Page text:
The Attorney-General has intervened in the trial of former NPP MP for Asokwa, Maxwell Kofi Jumah, after the accused petitioned her office, forcing prosecutors to terminate court hearing Monday.
The A-G and Minister of Justice, Marrietta Brew Oppong-Appiah, is said to be studying the petition and is expected to direct the police to open its case or abandon the trial.
The former MP and Chief Executive of the Kumasi Metropolitan Assembly is facing the possibility of a prison term for the unlawful destruction of electoral material during his party’s parliamentary primaries at the Asokwa constituency.
Kofi Jumah, who was an aspirant in the primaries was allegedly incensed by the conduct of the polls and barged into the polling station causing mayhem. He was immediately arrested and heard of his defeat behind bars.
He has been charged with second-degree felony which attracts imprisonment of up to 10 years.
Lawyer Appiah Twumasi Ankrah who represented Maxwell Kofi Jumah in court explained to Joy News’ Evans Mensah, they petitioned the Ministry of Justice because they believe the prosecution needs “advice”.
According to him, the fact sheets presented by the prosecution shows the police got their facts of the events of June 13, “wrong”.
“What we did today was very simple. We think that the offences leveled against the client, we did not commit them”, he stressed.
Although prosecution is done by or on behalf of the Attorney-General, the lawyer says short of advice from the A-G's department on the matter, his client would not get fair trial so they want the A-G to “come in and do the prosecution themselves”.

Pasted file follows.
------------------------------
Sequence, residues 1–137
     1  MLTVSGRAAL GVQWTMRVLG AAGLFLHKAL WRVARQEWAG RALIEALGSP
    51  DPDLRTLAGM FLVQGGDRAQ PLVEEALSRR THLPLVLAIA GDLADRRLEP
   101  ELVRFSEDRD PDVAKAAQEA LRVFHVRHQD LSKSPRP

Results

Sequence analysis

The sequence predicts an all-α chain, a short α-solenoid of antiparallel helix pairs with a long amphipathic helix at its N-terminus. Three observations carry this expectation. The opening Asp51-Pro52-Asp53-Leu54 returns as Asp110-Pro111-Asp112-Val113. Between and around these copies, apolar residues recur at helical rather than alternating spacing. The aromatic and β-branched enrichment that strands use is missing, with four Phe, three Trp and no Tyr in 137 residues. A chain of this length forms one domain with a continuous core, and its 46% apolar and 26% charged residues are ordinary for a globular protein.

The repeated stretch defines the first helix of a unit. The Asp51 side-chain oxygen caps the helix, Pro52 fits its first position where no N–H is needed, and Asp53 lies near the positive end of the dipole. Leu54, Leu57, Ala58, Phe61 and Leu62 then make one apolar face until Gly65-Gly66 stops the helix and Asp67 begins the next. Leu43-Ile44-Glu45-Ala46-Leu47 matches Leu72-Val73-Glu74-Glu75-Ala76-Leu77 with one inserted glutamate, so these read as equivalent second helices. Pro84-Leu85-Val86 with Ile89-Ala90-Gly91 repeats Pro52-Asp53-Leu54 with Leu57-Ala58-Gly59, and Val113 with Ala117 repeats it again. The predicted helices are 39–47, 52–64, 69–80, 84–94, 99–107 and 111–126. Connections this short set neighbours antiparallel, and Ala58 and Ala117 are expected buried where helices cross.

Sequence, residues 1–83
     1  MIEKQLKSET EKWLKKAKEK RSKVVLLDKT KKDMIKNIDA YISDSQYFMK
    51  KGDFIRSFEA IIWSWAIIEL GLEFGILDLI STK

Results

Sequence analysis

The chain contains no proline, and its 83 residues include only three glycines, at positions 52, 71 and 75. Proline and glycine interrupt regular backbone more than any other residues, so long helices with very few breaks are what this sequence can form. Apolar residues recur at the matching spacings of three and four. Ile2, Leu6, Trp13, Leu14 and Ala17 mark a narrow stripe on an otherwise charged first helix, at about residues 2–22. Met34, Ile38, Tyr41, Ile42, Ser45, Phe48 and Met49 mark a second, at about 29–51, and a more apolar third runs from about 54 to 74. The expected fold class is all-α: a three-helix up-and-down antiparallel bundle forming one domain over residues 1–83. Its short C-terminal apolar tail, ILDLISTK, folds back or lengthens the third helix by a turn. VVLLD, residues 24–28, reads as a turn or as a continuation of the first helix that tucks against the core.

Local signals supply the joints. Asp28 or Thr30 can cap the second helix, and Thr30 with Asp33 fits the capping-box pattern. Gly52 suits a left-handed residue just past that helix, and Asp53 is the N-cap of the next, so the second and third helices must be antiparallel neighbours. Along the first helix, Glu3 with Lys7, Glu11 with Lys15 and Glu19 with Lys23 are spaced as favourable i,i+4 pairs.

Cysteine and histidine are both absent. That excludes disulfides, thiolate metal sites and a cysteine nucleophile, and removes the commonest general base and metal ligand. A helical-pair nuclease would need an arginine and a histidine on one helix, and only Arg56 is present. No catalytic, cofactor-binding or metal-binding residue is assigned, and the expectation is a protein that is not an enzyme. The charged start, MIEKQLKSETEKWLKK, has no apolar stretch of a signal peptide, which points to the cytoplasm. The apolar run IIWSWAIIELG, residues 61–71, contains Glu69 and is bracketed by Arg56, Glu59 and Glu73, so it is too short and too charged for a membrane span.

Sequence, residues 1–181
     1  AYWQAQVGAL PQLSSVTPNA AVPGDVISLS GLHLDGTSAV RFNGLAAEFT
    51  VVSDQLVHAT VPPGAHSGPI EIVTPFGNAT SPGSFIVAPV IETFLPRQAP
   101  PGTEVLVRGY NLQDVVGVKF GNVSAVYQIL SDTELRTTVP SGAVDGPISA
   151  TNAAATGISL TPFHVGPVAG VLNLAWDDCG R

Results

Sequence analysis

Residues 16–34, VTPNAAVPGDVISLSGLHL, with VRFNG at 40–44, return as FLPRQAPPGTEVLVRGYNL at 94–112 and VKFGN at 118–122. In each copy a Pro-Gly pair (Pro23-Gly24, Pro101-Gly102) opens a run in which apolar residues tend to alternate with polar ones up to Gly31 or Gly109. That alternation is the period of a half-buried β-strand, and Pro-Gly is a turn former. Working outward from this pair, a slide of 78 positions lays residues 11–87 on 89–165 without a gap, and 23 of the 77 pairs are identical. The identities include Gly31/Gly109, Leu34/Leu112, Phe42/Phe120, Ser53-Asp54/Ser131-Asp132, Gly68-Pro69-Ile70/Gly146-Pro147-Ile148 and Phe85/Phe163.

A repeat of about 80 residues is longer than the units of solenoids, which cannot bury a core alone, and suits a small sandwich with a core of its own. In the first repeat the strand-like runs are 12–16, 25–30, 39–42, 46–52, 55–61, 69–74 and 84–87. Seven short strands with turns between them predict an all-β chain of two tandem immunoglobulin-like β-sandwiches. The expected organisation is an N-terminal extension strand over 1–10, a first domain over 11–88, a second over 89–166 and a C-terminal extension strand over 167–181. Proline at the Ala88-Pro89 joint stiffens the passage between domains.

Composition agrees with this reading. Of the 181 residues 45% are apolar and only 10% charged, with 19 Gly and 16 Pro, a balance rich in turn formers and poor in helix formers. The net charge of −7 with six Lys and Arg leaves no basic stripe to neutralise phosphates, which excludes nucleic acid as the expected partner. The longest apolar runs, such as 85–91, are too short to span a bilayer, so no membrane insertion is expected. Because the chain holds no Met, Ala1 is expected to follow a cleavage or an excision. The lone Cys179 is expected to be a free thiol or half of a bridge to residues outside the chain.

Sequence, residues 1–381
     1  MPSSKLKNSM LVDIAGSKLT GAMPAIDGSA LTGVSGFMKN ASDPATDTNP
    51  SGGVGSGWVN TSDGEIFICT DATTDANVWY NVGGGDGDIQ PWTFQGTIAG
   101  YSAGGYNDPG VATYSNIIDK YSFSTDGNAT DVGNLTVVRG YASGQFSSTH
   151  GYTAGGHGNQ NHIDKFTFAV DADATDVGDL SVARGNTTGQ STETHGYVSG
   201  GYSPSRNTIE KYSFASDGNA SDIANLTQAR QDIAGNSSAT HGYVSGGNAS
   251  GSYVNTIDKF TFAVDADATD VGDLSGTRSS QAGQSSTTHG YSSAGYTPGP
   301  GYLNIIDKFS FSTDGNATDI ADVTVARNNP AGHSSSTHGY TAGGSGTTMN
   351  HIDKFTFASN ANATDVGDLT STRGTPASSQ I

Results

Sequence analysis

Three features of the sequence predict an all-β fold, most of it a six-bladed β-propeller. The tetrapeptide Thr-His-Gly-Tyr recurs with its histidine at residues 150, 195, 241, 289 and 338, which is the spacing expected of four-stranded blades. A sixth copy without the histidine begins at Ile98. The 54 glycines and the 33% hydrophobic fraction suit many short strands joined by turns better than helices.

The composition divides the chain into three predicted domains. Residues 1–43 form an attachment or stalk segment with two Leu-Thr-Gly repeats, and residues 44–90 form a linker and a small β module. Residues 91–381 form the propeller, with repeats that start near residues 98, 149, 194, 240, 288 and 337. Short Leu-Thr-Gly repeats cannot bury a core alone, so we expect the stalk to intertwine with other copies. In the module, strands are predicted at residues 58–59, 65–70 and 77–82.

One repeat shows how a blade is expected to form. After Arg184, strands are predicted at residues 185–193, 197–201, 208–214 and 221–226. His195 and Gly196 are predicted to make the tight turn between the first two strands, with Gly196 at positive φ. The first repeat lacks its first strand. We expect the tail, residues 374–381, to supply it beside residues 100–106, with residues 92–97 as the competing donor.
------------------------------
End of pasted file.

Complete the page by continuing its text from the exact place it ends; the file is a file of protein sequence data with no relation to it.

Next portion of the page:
They believe this request for a second look by the A-G is “only fair”.
But prosecutor, Supt. Emmanuel Akonor maintains not every docket must be okayed by the Attorney-General before prosecution can start.
He maintains that the prosecution’s “evidence is very strong” and there is “no doubt” that they can secure a conviction in court.
If the police’s facts are wrong it should rather encourage Maxwell Kofi Jumah to feel confident of walking out unscathed and a free man, Emmanuel Akonor stated.
“It is not the police that is going to judge this matter, it is the judges,” he pointed out.
Recounting Monday’s proceedings in a court in Kumasi, he said the prosecution had lined up its witnesses and was about to open its case. But he received a letter from the Attorney-General’s Department directing that the docket be brought to Accra because the A-G wants to first review the evidence before the trial could resume.
He is however confident in the competence of the Attorney-General to provide the feedback before the full trial can resume.
The case has been adjourned to July 6, 2015.